Maggie Renken is an Assistant Professor in the Educational Psychology program at Georgia State University. Broadly, her research focuses on scientific thinking and the acquisition of science knowledge. Her work has considered how adolescents and young adults learn and alter inaccurate prior beliefs through various media, including computer simulations, text, and hands-on experimentation. This research is intended to inform approaches for assessing and improving reasoning and thinking skills. Melanie Peffer has a PhD in molecular biology and is a postdoctoral associate in the Educational Psychology department at Georgia State University. Melanie’s research program integrates her training in molecular biology and the learning sciences to create a synergistic program of study. Her work examines student learning during authentic inquiry. Kathrin Otrel-Cass is an Associate Professor in Science Education. She leads the techno-anthropology video lab and is the co-leader of the techno-anthropology research group. Kathrin is interested in ICT and its role in mediating learning and practices in science and technology and in science education. Kathrin also is interested in culturally responsive pedagogy and the nature of interactions in science and technology. Kathrin is an experienced classroom-based researcher and has published on assessment for learning, culture in science education and classroom-based research methods. She has lived and researched internationally in Austria and New Zealand before coming to Denmark. Isabelle Girault is an Associate Professor at the University of Grenoble-Alpes (France). Her research concerns Chemistry Education and learning sciences through a scientific inquiry process with the use of ICT. This research focuses on how a computer environment can scaffold the activity of experimental design and more precisely the elaboration of protocols by students through automatic feedbacks. Augusto Chiocarriello is a Researcher at the Italian National Research Council’s Institute for Educational Technology. He obtained his Physics degree (magna cum laude) in 1980 at the University of Naples. From 1982 to 1986, he worked in physics education at the Educational Technology Center, UC Irvine, initially as a National Research Council research fellow and subsequently as project manager. In 1986, he joined the Institute for Educational Technology as a researcher and he worked on exploiting multimedia technology in design and development of learning systems in several EC DELTA projects. Since 1995, he has collaborated with Reggio Emilia infant schools, exploring the use of computational construction kits as learning tools for early childhood education. More recently, he has coordinated the Institute’s participation in the IST-WebLabs project.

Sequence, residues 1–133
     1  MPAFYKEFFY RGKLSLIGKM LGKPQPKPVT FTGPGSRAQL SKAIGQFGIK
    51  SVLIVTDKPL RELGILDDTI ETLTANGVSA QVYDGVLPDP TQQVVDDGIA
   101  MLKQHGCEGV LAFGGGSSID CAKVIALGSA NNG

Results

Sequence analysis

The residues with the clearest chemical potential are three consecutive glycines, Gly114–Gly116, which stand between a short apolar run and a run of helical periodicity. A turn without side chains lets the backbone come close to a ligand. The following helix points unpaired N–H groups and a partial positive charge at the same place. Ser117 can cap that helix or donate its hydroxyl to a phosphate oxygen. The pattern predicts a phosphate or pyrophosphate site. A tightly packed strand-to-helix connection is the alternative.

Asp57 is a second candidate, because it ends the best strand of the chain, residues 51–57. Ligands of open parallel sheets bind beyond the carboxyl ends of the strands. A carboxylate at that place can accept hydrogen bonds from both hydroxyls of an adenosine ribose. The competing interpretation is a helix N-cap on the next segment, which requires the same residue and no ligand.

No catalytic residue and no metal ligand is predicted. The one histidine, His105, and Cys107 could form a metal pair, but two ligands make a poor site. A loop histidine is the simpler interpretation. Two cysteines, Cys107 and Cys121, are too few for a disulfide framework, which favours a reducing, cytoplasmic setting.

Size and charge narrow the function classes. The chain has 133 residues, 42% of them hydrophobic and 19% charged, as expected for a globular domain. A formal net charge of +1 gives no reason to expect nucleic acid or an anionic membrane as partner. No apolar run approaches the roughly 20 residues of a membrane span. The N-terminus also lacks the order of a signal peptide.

Bibliographic information

  • Book Title Simulations as Scaffolds in Science Education
  • Authors Maggie Renken
    Melanie Peffer
    Kathrin Otrel-Cass
    Isabelle Girault
    Augusto Chiocarriello
  • Series Title SpringerBriefs in Educational Communications and Technology
  • Series Abbreviated Title SpringerBriefs in Educat. Communicat., Technology
  • DOI https://doi.org/10.1007/978-3-319-24615-4
  • Copyright Information AECT 2016
  • Publisher Name Springer, Cham
  • eBook Packages Education Education (R0)
  • Softcover ISBN 978-3-319-24613-0
  • eBook ISBN 978-3-319-24615-4
  • Series ISSN 2196-498X
  • Series E-ISSN 2196-4998
  • Edition Number 1
  • Number of Pages VIII, 39
  • Number of Illustrations 55 b/w illustrations, 107 illustrations in colour
  • Topics Educational Technology
    Learning & Instruction
    Science Education
  • Buy this book on publisher's site